Proper IED analysis needed to end IED attacks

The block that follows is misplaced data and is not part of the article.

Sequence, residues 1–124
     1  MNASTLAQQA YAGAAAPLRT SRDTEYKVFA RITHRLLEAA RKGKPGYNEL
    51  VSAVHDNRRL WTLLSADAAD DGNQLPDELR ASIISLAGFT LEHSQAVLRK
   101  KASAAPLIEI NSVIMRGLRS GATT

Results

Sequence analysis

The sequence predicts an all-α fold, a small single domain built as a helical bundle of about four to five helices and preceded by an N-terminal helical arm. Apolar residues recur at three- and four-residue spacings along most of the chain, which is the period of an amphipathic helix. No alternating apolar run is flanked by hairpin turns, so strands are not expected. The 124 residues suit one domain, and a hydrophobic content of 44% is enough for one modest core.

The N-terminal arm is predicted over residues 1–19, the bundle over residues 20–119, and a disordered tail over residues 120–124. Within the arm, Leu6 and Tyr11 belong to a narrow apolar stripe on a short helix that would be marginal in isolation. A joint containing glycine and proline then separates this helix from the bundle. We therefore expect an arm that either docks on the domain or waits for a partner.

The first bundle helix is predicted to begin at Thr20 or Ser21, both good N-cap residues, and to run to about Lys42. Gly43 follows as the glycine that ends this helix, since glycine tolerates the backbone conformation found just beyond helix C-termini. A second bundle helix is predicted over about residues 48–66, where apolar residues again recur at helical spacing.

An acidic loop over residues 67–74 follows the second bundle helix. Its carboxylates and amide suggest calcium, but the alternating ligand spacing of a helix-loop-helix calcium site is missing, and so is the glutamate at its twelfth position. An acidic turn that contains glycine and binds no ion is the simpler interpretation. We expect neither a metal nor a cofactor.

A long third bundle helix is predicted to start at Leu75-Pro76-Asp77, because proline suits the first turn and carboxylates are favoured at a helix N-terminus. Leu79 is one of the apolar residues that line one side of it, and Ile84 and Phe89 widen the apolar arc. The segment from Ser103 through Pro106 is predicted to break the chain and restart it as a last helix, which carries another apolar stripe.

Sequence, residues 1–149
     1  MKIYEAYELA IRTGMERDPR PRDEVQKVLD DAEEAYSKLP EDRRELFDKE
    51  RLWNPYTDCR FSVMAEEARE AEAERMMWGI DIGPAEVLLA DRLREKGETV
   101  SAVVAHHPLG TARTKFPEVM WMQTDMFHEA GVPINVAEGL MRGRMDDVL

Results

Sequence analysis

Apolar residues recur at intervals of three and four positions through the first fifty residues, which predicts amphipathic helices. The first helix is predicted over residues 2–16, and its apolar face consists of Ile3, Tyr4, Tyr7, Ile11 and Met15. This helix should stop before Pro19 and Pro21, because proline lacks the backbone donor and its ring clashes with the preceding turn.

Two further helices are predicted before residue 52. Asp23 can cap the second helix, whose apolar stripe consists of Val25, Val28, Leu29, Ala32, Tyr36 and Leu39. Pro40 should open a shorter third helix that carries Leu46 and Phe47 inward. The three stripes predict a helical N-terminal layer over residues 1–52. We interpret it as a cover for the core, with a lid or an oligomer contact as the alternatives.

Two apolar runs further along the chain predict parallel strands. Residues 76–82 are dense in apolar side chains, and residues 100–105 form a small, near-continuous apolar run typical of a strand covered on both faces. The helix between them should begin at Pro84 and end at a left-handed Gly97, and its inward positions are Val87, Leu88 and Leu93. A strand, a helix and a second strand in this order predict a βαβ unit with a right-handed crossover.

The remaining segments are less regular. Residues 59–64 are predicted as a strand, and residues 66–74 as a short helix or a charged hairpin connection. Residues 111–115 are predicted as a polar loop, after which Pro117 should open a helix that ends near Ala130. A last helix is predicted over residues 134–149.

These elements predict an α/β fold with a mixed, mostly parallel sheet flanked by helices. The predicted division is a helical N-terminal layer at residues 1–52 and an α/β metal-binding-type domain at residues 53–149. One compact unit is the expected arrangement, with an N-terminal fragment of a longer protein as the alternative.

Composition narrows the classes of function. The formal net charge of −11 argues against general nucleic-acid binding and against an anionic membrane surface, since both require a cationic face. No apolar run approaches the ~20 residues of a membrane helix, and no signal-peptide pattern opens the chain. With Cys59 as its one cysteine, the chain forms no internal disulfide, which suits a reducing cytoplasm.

Reports of Boko Haram terrorists request for dialogue resurfaced once again.       Boko Haram Terrorists request dialogue Reports of Boko Haram terrorists reaching out for dialogue resurfaced once again. Moments after President Mohammed Buhari insinuated that the Federal Government was willing to negotiate with credible members of the terrorist group, the non-government independent agency called the Center for Crisis Communication reported an increase in calls to the center by militants willing to drop their arms and surrender. A few days later, it was reported that about 8 members of BH in Borno had renounced their membership, citing that they are tired of killing innocent souls and were did not want to wage Jihad anymore. SIGNIFICANCE: A number of Boko Haram insurgents are young men who were given an ultimatum to either join the insurgency or die. Such men were left no choice then, but are possibly the ones who are now willing to give up their arms. The Nigerian government needs to devise a plan to effectively deal with such situations. This week the Deputy Governor of Borno State publicly stated that if the insurgents sincerely want to drop their arms and negotiate, the federal government should consider their requests. Boko Haram Latest Video Release Boko Haram released a new video recording this week in which an unidentified young man stated that he was speaking in the name of Islamic State in West Africa and indicated that the group was still operating stronger and unobstructed. The video then showed militants attacking a security checkpoint, seizing weapons, and slitting the throat of a man dressed in a police uniform. Notably absent from the video was the groups’ known leader Abubakar Shekau. SIGNIFICANCE: Abubakar’s absence is noteworthy because this is the second video released in which he has not been featured. It is possible that Shekau has been KIA, wounded or has fled the area. Confirmation of the fate of Shekau can be determined either by waiting for the leader to resurface in another media production, or via effective human intelligence and communications intelligence which will utilize the insurgents’ response and communications to determine his status and whereabouts. Boko Haram Incidences Despite the absence of the BH leader, the insurgent group effectively carried out several attacks this week in Cameroon, Adamawa, and Borno State. The attack in Adamawa occurred in the Kobachwa villate in Madagali area, killing 5 civilians in the farming community. The locals who have resorted to utilizing CJTF to ward off insurgent attacks stated that the recent rains could be encouraging insurgents to leave their comfort areas and launch attacks against the nearby communities. The Borno attack occurred on Sunday on the Maiduguri-Damboa-Biu highway at a remote village Nwajurko near Sabon Gari in Damboa LG. The BH insurgents ambushed and killed four commercial motorists, abducted two men and injured 3 others. The attack in Cameroon occurred around 1.30am in village called Tchakamari, on the Cameroonian border. 7 civilians were killed and 20 were kidnapped. SIGNIFICANCE: The attack on the Cameroonian border is one of several that have been mounted against the country in recent times as a result of the country’s increased involvement in the counter terrorism fight. The Cameroonian government had announced plans to send 2000 additional troops to the far north region; they expelled about 2,800 Nigerians living illegally in Cameroon, and banned fully veiled women. All these measures were taken to protect civilians from BH attacks. While these measures deal with the surface issue, they do not address one of the key means by which BH insurgents get into the country which is via illegal entry points. Illegal Border Crossing Nigeria, reported that there are 1,497 illegal routes into the country from its neighboring countries, and these aid in the movement of illicit arms and insurgents to neighboring states. The house of reps led a motion this week, addressing the illegal border routes and urging the federal government along with the nation’s security agencies to devise and implement an effective measure to disrupt these illegal border crossings. IED Making Factory The security forces in the area made significant strides this week when they successfully cleared 5 IEDs from the road Gwoza and Yemteke in Dikwa area of Borno. Other IED making materials were recovered including piles of street lamp poles. SIGNIFICANCE: The discovery of IED making factories is a positive step in the counter terrorism fight. If proper IED forensics is carried out on the recovered devices, it could help security forces identify several key information including the actors involved in making the bombs, the profiles of those who implant the IEDs, and the key ingredients and components used in the creation. When the components are known, security forces are better able to restrict the easy acquisition of those components, while identifying individuals procuring such items. Military Weapons Procurement The week, former National Security Advisor Col Sambo Dasuki, revealed the previous administration’s means of procuring weapons used by the military in the Boko Haram fight. The Col. claimed that when Western nations (presumably the U.S) refused to sell arms to the Nigerian military, he utilized third party suppliers to acquire them. The inventory list included “Alpha jets, armored personnel carriers (APCs), mine-resistant ambush protected (MRAP) vehicles, advanced artillery pieces, assorted arms and ammunition, highly sophisticated surveillance drones, T72 Russian battle tanks, and carried out modifications to F7 supersonic fighter jets”. The Col. maintained these arms were used to effectively protect Nigerian troops from IED attacks, recover more than 22 local governments under Boko Haram terrorists and ensure that Boko Haram leader Shekau did not disrupt the 2015 elections; Col. Dasuki went as far as to link his weapons procurement effort to the current silence of Shekau. All this in spite of the fact that some of the arms are still yet to be delivered to the Nigerian military. Many of the former top Nigerian military commanders who recently retired continually cited the U.S’s refusal to sell weapons to the Nigerian military as one